In what could be a major twist in WhatsApp spyware controversy, employees at NSO Group -- an Israeli surveillance software company behind Pegasus spyware -- have filed a lawsuit against Facebook for allegedly preventing them and their family members from accessing Facebook and Instagram. NSO Group employees filed a lawsuit against Facebook, saying Facebook had unfairly blocked their private accounts when it sued NSO last month.
Employees at NSO Group said their Facebook and Instagram accounts and also those of former workers and family members had been blocked. NSO Group employees have filed a petition in the Tel Aviv District Court to order Facebook to unblock the accounts. NSO employees further claim Facebook took action abruptly and without any prior notice.
Social media giant Facebook is yet to provide its official comment on the lawsuit filed by employees at NSO Group. In their statement, the NSO employees said Facebook had imposed a "collective punishment" by choosing to block their private accounts due to the legal process Facebook is conducting against NSO. NSO employees claim they filed a lawsuit against Facebook only after they made repeated requests to Facebook that went unanswered.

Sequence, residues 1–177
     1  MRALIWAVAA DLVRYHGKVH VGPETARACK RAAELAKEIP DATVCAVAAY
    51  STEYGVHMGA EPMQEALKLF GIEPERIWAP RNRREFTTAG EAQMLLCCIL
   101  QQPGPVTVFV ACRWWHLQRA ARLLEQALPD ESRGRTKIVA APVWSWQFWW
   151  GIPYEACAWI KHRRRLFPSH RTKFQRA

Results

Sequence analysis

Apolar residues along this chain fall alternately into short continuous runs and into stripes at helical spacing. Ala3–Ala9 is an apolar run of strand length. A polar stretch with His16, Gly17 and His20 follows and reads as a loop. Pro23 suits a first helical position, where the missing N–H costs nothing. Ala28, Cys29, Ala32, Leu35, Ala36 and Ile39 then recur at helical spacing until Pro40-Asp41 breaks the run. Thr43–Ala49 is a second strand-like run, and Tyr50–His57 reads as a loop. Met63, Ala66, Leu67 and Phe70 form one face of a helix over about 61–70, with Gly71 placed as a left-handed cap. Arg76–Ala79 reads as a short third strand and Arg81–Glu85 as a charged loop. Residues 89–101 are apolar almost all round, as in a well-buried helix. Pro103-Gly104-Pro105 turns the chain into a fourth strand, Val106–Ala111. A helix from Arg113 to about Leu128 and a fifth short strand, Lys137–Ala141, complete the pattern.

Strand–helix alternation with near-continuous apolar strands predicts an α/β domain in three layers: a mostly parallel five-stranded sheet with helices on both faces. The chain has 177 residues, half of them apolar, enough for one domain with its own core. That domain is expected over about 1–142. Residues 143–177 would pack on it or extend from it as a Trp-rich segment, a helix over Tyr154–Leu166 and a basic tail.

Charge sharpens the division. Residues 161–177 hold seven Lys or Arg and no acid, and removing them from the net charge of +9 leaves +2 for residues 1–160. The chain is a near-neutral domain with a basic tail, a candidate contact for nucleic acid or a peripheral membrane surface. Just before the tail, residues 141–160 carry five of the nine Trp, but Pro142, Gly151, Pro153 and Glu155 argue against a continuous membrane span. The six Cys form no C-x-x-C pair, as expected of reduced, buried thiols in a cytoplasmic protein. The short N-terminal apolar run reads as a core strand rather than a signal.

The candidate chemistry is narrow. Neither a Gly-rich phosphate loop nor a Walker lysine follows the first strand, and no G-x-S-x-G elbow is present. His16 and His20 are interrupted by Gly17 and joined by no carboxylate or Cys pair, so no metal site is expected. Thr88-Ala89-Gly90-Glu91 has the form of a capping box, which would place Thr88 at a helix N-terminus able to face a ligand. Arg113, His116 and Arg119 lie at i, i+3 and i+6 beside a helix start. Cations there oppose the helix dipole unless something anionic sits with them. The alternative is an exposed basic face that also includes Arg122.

"Blocking our private accounts is a hurtful and unjust move by Facebook," the statement said. "The idea that personal data was searched for and used is very disturbing to us" Furthermore, NSO Group employees said they would continue to "help governments around the world prevent crime and terrorism through the technology we are developing".
In its lawsuit last month, Facebook argued NSO Group infringed upon laws including the US Computer Fraud and Abuse Act with a crafty exploit that took advantage of a flaw in WhatsApp, allowing a smartphone to be penetrated through missed calls alone.
Last month, WhatsApp filed a lawsuit against NSO Group for hacking into 1400 accounts using its highly sophisticated Pegasus spyware software. Facebook's lawsuit against NSO Group had said the software developed by NSO known as Pegasus was designed to be remotely installed to hijack devices using the Android, iOS, and BlackBerry operating systems.
Facebook had complained that the attackers "reverse-engineered the WhatsApp app and developed a programme to enable them to emulate legitimate WhatsApp network traffic in order to transmit malicious code" to take over the devices.
(With Reuters inputs)